Friday, September 28, 2001, Chandigarh, India


M A I N   N E W S

Falling oil prices bring cheer
T. V. Lakshminarayan
Tribune News Service

New Delhi, September 27
Falling oil prices in the international markets have brought cheer to the government as the trend is expected to stabilise India’s oil pool account deficit and enable a smooth transition to a free market regime in the new financial year beginning 2002.

The terror attacks in the USA on September 11 had led to the crude oil prices in the international market, touching new highs at more than 31 dollars to a barrel, raising fears of a hike in domestic oil prices and a setback to the government’s effort to dismantle the administered price mechanism for oil products like petrol.

However, with the USA announcing that there would be no ‘D-day’ war and it intends to carry on a protracted fight against terrorism, ruffled market sentiments have been soothened and traders are reverting to long-term positions.

International oil analysts are expecting oil prices to stabilise between $20 and $25 a barrel for the next three months, a range that would help contain the oil pool account deficit to around Rs 12,000 crore. Each dollar fluctuation would increase or decrease the pressure on oil pool account by around Rs 200 crore. On an annualised basis the effect could be as much as Rs 500 crore.

The government is expected to wipe out the oil pool account, a mechanism to check the impact of volatility in international prices on domestic prices before dismantling the APM regime. Once this is done, petroleum products prices like that of petrol would be directly linked to the international prices.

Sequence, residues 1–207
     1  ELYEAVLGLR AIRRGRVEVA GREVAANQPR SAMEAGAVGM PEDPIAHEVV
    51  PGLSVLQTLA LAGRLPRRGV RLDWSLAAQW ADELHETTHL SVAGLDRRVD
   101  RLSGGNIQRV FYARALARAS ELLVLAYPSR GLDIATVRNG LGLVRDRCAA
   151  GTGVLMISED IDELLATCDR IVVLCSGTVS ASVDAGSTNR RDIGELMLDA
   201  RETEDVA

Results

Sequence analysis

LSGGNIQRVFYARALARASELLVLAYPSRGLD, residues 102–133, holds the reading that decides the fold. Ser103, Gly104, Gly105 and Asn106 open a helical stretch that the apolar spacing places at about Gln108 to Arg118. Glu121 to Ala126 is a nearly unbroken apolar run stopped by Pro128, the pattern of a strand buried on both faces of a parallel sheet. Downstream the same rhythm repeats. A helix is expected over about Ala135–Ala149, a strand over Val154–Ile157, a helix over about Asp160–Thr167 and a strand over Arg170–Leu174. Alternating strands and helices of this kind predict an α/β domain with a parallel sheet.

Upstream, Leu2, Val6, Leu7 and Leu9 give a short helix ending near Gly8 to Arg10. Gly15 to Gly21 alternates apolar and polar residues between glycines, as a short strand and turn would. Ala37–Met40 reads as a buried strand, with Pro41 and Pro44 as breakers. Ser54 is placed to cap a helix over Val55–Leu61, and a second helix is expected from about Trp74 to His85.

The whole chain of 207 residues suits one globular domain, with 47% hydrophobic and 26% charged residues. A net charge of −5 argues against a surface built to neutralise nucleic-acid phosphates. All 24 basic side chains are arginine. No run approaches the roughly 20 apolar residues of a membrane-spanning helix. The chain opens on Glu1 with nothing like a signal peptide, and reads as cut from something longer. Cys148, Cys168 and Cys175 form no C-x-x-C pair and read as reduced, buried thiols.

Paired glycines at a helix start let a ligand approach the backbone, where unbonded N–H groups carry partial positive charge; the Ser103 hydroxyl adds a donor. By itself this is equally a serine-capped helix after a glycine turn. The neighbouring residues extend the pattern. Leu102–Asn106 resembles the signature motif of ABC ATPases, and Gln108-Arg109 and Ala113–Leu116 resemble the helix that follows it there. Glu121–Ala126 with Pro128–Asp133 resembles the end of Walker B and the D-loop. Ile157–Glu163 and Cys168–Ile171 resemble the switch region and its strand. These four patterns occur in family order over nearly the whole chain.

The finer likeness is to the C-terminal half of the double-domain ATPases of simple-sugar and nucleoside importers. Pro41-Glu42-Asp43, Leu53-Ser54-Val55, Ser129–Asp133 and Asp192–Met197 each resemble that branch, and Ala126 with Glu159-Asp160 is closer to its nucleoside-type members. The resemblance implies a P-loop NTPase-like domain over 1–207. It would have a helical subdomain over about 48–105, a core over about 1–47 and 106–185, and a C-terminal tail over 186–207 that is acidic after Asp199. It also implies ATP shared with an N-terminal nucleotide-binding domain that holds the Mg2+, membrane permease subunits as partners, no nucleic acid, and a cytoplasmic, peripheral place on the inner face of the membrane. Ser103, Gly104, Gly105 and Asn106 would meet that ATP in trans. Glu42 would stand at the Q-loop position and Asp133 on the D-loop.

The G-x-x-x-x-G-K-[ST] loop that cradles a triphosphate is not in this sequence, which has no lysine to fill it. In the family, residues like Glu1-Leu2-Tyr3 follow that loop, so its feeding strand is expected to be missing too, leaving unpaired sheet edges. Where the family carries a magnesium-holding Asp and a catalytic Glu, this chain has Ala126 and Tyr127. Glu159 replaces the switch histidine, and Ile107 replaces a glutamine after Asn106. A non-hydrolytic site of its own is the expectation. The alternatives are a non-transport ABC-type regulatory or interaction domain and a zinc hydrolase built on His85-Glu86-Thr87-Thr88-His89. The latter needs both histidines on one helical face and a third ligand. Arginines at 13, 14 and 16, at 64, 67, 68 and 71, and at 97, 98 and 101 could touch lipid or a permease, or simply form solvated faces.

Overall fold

The government, however, plans to provide some subsidy for kerosene and cooking gas from the budget provisions.

According to the Minister for Petroleum and Natural Gas, Mr Ram Naik, the fall in prices in the international market is a result of several factors, including OPEC’s decision to maintain current supplies and grounding of several air services which has led to a slump in the demand for aviation turbine fuel.

There is also a general slowdown in the economies across the world and there is not much pressure on the demand for oil.

The crash in oil prices has also helped the sagging share market and the falling rupee in recent days.

Since India imports 70 per cent of its crude oil requirements, the fall in prices would result in heavy savings in the import bill. This expectation has, to some extent, helped strengthen the rupee.

The only negative fallout of the fall in crude prices is that revenues from customs duty would come down for the government.


Sky marshals for pvt airlines too

New Delhi, September 27
Disregarding the opposition by private airlines operators, the Centre has made it mandatory for them to deploy sky marshals on all domestic flights to foil any hijack attempt, Civil Aviation Minister Syed Shahnawaz Hussain said today.

The minister said the deployment of sky marshals in Indian Airlines aircraft had also been ordered with immediate effect. The commandos of the National Security Guards (NSG) were being deployed on the Indian Airlines flights.

Special training on aviation security was being imparted to these commandos to deal with any incident of aircraft hijacking, he said.

Asked about the deployment of sky marshals on Air India flights, Mr Hussain said the government was awaiting international guidelines on the issue before making suitable security arrangements on the aircraft operating under the country’s flagship carrier. UNI

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